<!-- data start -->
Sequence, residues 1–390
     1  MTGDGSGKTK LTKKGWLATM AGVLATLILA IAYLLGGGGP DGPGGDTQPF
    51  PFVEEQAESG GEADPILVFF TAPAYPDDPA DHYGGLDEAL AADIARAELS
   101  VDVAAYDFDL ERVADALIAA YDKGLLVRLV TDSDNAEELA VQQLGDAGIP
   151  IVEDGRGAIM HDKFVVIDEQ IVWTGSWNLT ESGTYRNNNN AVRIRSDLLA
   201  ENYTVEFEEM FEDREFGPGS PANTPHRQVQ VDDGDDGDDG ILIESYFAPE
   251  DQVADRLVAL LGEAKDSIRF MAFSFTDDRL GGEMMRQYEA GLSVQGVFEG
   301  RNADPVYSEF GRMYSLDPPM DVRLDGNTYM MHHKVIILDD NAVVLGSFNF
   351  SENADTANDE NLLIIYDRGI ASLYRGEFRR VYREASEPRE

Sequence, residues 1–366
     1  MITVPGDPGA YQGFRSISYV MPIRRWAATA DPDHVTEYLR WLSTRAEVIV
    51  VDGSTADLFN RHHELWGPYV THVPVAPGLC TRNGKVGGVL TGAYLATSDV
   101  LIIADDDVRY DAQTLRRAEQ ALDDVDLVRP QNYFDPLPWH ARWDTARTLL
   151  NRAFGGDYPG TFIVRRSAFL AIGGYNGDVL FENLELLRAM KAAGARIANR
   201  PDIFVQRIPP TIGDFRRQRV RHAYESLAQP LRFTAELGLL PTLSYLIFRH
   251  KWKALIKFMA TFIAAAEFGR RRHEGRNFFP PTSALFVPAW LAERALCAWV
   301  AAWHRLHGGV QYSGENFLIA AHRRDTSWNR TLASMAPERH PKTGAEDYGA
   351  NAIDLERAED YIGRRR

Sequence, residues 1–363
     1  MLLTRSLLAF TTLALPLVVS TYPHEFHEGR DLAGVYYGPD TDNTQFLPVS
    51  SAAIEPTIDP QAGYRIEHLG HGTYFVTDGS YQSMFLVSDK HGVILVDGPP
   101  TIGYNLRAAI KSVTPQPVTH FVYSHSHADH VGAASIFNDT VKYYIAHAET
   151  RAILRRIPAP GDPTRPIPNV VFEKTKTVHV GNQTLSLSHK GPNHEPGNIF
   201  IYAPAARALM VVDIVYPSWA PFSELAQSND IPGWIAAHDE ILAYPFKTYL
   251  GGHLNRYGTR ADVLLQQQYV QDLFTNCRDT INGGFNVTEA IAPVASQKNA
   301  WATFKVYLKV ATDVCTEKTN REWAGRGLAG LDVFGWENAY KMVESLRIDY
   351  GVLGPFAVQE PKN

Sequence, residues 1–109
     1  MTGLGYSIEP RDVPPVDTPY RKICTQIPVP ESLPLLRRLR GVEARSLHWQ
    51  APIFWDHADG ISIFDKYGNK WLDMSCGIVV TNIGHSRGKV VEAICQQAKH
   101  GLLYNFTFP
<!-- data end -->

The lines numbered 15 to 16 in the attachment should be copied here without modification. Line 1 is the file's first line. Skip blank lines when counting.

   201  PDIFVQRIPP TIGDFRRQRV RHAYESLAQP LRFTAELGLL PTLSYLIFRH
   251  KWKALIKFMA TFIAAAEFGR RRHEGRNFFP PTSALFVPAW LAERALCAWV